People who identify as being asexual do not experience sexual attraction, although it may benefit them to become an active part of the asexual community. Asexuality is about a lack of attraction to others. It is not about lack of activity. Asexuals do not get, ‘horny,' towards others and most would feel entirely satisfied if they never shared a single sexual experience during their entire lives.

If; however, you are a sexual person who chooses not to have sex it is referred to as, ‘celibacy,' or, ‘abstinence.' There are a number of reasons sexual people might opt to be celibate. The reasons may be moral or religious, the celibate person might dislike the experience of sex, or the celibate person may think that sex must only exist as a portion of a long-term relationship. The distinction between asexuality and celibacy is that asexuality is not a choice a person makes. Asexual people may choose to have sex and remain asexual.

Straight, Gay, Bisexual or Other? Or Asexual?

A number of people who identify as being asexual with romantic drives also have an orientation. Some people who are asexual identify as being, ‘panromantic,' because their romantic attraction is something that is not based on gender. Asexuals may form unconventional relationships and identify as being queer or polyamorous.

There is no reason why a person has to identify as just one thing. A person could decide to identify as a, ,'bi-asexual,' or as, ‘polyamorous,' as well as asexual. A person might also identify as an, ‘asexual polyamorous bisexual.' In fact – a person could make up their own entirely new identity.

Things People Who Are Asexual Find to be Annoying

People who are asexual live in a society where others simply assume people are inherently sexual. The media, particularly soap operas and types of advertising present everyone as being,' sexual,' and constantly tempted by sex. An asexual person may justifiably feel both ignored and marginalized. They might experience a deep frustration concerning those around them who are unable to conceive an asexual person's reality, or from others who constantly assume the person must have a sexuality. It is understandable that an asexual person might want to vent their frustration by stating how much sexual people annoy them.

Venting frustrations over the actions of others or those who are unable to understand asexuality, might not be the most reasonable reaction. It is natural for asexual people to be frustrated with a culture that assumes everyone needs sexual activity in order to be happy. Yet it is also important for asexual people to NOT take out that frustration out on individual people who were raised in this culture and know nothing else.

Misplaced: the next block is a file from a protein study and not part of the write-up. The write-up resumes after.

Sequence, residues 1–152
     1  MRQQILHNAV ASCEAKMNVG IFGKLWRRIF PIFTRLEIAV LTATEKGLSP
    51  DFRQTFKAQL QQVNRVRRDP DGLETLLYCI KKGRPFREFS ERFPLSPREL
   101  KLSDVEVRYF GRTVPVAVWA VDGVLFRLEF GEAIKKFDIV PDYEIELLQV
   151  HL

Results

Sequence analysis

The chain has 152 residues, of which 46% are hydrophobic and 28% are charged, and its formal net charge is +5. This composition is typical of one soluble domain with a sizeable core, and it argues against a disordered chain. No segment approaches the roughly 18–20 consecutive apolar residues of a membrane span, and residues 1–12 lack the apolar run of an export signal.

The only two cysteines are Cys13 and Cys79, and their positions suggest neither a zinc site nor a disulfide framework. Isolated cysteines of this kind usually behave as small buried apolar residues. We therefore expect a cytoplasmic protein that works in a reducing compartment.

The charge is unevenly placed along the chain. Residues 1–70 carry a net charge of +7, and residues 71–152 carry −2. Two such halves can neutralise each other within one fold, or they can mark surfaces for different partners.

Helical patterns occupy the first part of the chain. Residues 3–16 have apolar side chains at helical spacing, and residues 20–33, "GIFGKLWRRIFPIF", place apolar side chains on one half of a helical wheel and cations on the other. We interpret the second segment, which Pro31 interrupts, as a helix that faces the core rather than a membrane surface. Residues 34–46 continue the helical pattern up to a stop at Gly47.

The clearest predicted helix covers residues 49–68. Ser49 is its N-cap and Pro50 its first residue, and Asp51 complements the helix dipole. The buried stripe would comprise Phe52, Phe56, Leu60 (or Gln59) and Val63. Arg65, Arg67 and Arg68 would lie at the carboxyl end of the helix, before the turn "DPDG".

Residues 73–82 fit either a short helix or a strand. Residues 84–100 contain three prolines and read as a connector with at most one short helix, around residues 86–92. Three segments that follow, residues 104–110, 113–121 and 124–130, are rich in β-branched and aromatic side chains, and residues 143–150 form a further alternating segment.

If people are inconsiderate to an a person who is asexual because they do not understand asexuality, attempt to explain it to them. As an asexual person's friends realize the existence of those who are asexual, maybe they will begin to be more considerate toward people who are asexual. When more people in the world know that they are friends with someone who is asexual, visibility of asexuality increases.

Asexual Relationships FAQ

ASEXUALS: Who Are They and Why Are They Important?

Asexuality: Life Without Sexual Attraction

Similar Topics

Full List of Education Documents (59).

📝 Send us your coming events and LGBTQ related news stories.

Jeff: A Sexually Realized Spiritual Odyssey of Stepping Into Love - Book Review

More than Half of Transgender Students in Higher Education Report Poor Mental Health

Undressing a Fantasy

With You

LGBT People of Color More Likely than White Non-LGBT Adults to Face Food Insufficiency During the Pandemic

Sex: For Some It Gets Better With Age

LBQ Girls and Women of Color Overrepresented in Child Welfare and Criminalization Systems

One: It is not your Fault | Two: What you can do Different

LGBT Awareness and Events
List of important LGBT awareness dates and coming sexual diversity events.

Transgender Reporting Guide - English
Guide for those writing on transgender and LGBT community - Spanish Version.
Sexuality Definitions
List of definitions and glossary of sexual terms, abbreviations and their meanings.